A bill before the New York City Council threatens to make the home care crisis in the Big Apple even worse.
The city council is considering a law that would limit the number of hours home health workers can be on the job each week. The legislation introduced last week by city councilman Christopher Marte and public advocate Jumanne Williams would extend the New York City Fair Workweek Law, which currently covers fast food and retail workers, to home health workers as well.
Kathy Febraio, president and CEO of the New York State Association of Health Care Providers, told McKnight’s Home Care Daily Pulse the measure is a poor remedy for the home care crisis.
“Providers are already struggling to serve the existing home care need due to the lack of available workers,” Febraio said in an email. “And while no one should be compelled to accept work hours they do not want, the proposed bill will tie the hands of providers that are challenged to staff a growing number of cases.”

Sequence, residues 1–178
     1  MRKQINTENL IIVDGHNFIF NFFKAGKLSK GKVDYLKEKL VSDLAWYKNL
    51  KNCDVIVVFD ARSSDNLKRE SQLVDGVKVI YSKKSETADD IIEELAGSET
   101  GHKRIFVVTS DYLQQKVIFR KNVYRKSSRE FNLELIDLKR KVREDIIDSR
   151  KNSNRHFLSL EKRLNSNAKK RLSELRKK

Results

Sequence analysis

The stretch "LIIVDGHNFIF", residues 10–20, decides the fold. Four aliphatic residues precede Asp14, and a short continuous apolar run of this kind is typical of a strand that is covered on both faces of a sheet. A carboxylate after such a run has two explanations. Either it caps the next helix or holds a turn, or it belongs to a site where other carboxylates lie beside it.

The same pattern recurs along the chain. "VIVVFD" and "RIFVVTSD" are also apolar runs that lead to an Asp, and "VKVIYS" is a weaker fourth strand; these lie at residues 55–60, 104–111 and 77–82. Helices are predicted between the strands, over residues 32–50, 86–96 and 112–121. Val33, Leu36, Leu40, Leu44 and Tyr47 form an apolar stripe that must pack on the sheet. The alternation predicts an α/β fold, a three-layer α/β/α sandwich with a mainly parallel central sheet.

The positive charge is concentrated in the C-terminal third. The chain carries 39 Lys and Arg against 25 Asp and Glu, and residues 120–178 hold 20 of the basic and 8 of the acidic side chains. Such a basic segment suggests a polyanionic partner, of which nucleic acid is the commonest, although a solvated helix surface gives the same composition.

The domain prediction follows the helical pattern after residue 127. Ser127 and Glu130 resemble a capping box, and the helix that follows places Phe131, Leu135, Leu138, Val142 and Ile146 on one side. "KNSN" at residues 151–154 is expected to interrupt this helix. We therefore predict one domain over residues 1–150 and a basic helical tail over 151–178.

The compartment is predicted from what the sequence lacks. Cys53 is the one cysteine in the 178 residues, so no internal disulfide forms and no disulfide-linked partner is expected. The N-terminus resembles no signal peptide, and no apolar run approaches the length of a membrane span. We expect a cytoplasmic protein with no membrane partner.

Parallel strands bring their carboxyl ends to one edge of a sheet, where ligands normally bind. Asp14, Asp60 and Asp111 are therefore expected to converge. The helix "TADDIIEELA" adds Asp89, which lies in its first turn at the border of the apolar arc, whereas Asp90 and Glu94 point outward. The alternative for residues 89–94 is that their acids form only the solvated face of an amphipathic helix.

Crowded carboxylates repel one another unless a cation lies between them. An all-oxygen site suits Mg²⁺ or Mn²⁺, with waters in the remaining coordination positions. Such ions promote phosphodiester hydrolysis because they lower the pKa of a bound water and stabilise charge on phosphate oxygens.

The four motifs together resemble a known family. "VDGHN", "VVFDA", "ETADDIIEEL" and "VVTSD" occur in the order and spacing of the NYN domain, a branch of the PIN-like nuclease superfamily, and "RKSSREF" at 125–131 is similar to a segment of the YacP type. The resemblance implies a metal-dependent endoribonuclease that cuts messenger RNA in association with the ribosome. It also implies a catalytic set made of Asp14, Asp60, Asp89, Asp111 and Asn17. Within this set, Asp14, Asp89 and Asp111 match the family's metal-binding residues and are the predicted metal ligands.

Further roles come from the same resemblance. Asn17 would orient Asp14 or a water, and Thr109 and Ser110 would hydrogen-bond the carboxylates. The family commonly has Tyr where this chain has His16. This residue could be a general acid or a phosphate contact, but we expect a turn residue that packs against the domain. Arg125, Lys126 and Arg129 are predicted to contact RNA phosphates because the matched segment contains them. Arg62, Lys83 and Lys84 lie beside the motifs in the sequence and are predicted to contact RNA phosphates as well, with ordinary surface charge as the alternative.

The bill would specifically prohibit employers from assigning a home health aide to a single shift exceeding 12 hours, consecutive 12-hour shifts, or multiple shifts totaling 12 hours in an 24-hour period. The bill would also prohibit home health aides from working more than 50 hours in a single work week.
New York state law allows employers to schedule home care aides to 24-hour shifts, which are commonly referred to as live-in shifts. In those arrangements, the employer only has to compensate the aide for 13 hours of work, as long as the worker has an opportunity to receive eight hours of sleep — of which five hours are uninterrupted by a call to work — and three hours of meal breaks. There is no cap on the number of hours an aide may work during a work week, provided the aide receives a day of rest over a seven-day period.
If the bill becomes law, it will be difficult for employers to staff live-in aides and could also potentially limit the amount of money home health aides make.
New York is in the midst of a severe caregiver crisis. PHI National, estimates the Empire State will need to recruit approximately 80,000 direct care workers within the next few years. The state’s new budget provided $7.4 billion in bonuses and higher wages for home health aides in an effort to attract more workers to the industry.